“An absolutely essential addition to the history of the Catholic Church, whose involvement in New World slavery sustained the Church and, thereby, helped to entrench enslavement in American society.”—Annette Gordon-Reed, Pulitzer Prize–winning author of The Hemingses of Monticello and On Juneteenth […Learn More]
Evoking the political intrigue of the Gilded Age, The Rough Rider and the Professor chronicles the extraordinary thirty-five-year friendship between President Theodore Roosevelt and Senator Henry Cabot Lodge of Massachusetts. […Learn More]
Bestselling historian and Pulitzer Prize finalist H. W. Brands follows the lives of General William Tecumseh Sherman and Apache war leader Geronimo to tell the story of the Indian Wars and the final fight for control of the American continent. […Learn More]
In this magisterial biography, C.W. Goodyear charts the life and times of one of the most remarkable Americans ever to win the Presidency. Progressive firebrand and conservative compromiser; Union war hero and founder of the first Department of Education; Supreme Court attorney and abolitionist preacher; mathematician and canalman; crooked election-fixer and clean-government champion; Congressional chieftain and gentleman-farmer; the last president to be born in a log cabin; the second to be assassinated. James Abram Garfield was all these things and more. […Learn More]
An award-winning historian illuminates the adversities and joys of the Black working class in America through a stunning narrative centered on her forebears.
There have been countless books, articles, and televised reports in recent years about the almost mythic “white working class,” a tide of commentary that has obscured the labor, and even the very existence, of entire groups of working people, including everyday Black workers. […Learn More]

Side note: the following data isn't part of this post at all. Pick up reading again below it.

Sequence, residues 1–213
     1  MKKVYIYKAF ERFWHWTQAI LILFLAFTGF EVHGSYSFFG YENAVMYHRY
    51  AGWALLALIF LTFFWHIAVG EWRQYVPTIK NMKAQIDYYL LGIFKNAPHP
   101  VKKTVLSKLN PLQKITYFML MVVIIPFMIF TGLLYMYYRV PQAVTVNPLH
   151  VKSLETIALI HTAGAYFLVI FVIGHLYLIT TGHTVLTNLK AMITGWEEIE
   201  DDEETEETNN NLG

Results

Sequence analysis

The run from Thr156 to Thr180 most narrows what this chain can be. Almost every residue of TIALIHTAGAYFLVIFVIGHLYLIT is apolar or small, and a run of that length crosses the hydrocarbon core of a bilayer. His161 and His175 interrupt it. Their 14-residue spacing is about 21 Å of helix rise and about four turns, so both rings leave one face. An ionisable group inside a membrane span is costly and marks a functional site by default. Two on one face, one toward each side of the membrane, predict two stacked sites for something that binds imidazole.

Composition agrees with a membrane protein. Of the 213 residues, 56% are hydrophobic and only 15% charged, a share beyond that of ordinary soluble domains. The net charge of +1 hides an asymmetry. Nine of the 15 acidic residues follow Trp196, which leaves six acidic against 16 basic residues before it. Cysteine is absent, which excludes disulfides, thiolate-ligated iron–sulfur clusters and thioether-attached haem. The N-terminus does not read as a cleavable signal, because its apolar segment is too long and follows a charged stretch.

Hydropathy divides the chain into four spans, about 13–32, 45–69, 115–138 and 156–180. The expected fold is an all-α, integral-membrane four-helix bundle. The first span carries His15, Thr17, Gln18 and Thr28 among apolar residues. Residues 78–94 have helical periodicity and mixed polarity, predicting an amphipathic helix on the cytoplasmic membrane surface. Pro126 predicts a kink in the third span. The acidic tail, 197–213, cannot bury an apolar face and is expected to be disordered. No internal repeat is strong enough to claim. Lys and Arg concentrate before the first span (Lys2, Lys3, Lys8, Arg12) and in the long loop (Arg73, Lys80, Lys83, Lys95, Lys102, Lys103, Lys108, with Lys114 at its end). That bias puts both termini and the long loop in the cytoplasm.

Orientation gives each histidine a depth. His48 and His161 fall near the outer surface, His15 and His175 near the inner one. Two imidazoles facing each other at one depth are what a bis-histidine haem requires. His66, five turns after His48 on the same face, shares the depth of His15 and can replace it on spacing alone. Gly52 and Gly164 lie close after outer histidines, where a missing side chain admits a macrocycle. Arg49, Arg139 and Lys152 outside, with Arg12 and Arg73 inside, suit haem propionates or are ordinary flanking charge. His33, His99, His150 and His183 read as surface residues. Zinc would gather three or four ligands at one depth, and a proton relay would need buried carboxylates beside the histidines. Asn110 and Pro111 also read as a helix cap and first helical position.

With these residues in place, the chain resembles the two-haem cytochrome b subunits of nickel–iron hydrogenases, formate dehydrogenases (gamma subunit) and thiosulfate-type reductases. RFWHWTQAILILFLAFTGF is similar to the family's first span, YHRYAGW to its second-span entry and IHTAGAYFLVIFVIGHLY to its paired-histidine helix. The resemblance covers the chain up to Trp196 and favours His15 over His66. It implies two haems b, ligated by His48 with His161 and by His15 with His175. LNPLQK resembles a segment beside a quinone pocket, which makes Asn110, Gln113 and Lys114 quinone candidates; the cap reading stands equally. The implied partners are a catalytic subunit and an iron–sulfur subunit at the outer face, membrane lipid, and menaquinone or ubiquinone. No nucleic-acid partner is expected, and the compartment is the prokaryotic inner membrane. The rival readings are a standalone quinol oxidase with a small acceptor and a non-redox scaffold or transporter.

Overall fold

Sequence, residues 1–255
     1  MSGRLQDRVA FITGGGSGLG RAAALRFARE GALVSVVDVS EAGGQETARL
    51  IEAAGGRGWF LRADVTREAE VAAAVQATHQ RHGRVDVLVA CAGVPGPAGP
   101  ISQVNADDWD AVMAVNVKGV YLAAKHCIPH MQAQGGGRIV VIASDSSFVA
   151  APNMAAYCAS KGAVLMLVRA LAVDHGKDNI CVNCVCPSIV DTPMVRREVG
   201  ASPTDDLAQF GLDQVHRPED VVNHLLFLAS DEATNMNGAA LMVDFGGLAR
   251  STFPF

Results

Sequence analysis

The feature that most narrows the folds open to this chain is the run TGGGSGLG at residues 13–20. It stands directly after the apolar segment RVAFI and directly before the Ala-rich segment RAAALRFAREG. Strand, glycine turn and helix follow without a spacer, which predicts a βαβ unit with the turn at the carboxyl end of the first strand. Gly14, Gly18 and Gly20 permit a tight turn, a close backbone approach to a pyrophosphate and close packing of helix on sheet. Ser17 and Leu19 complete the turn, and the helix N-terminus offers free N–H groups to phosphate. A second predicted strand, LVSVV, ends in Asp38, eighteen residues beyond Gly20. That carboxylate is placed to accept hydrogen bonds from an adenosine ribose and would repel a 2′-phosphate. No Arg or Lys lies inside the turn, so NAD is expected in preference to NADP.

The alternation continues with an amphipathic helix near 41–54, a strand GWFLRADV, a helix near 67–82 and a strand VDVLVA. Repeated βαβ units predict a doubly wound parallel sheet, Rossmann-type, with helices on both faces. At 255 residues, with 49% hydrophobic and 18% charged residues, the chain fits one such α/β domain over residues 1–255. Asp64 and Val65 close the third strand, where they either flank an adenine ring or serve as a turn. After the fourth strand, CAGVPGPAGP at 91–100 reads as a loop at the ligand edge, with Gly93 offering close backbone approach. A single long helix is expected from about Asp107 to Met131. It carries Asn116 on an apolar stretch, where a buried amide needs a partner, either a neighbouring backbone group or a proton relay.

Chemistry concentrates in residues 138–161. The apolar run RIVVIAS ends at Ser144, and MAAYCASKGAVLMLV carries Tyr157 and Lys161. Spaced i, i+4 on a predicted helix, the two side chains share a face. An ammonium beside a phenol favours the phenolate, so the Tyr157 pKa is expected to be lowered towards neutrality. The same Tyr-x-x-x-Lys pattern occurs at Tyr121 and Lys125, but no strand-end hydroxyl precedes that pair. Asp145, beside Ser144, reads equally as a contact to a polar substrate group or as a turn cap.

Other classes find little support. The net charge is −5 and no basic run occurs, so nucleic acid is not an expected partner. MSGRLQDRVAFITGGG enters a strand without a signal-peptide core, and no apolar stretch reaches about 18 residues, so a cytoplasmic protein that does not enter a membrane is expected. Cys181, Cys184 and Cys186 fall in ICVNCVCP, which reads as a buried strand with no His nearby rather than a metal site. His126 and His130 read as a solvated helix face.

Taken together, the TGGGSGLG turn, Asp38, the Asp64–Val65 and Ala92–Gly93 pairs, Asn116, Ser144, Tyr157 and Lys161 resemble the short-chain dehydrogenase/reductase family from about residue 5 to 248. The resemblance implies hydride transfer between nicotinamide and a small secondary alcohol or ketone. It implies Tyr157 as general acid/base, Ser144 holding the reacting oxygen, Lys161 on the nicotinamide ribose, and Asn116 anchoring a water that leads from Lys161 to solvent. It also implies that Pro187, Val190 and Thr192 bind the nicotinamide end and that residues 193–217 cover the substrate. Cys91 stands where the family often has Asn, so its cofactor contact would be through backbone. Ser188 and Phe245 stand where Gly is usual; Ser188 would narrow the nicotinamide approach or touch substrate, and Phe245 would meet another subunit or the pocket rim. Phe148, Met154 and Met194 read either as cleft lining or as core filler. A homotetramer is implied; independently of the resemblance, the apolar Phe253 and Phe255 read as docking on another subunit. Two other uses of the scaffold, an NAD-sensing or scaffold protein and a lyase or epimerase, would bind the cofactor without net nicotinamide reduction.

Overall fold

From the perspective of Protestant America, nineteenth-century Mormons were the victims of a peculiar zealotry, a population deranged––socially, sexually, even racially––by the extravagances of belief they called “religion.” Make Yourselves Gods offers a counter-history of early Mormon theology and practice, tracking the Saints from their emergence as a dissident sect to their renunciation of polygamy at century’s end. […Learn More]
A “powerful” (The Wall Street Journal) biography of one of the 19th century’s greatest statesmen, encompassing his decades-long fight against slavery and his postwar struggle to bring racial justice to America. […Learn More]
Who was “Light-Horse Harry” Lee?
Gallant Revolutionary War hero. Quintessential Virginia cavalryman. George Washington’s trusted subordinate and immortal eulogist. Robert E. Lee’s beloved father. Founding father who shepherded the Constitution through the Virginia Ratifying Convention.
But Light-Horse Harry Lee was also a con man. A beachcomber. Imprisoned for debt. Caught up in sordid squabbles over squalid land deals. Maimed for life by an angry political mob. […Learn More]
On October 31, 1803, the frigate USS Philadelphia ran aground on a reef a few miles outside the harbor of Tripoli. Since April 1801, the United States had been at war with Tripoli, one of the Barbary “pirate” regimes, over the payment of annual tribute—bribes so that American merchant ships would not be seized and their crews held hostage. […Learn More]
The story of how Daniel Webster popularized the ideals of American nationalism that helped forge our nation’s identity and inspire Abraham Lincoln to preserve the Union
When the United States was founded in 1776, its citizens didn’t think of themselves as “Americans.” They were New Yorkers or Virginians or Pennsylvanians. […Learn More]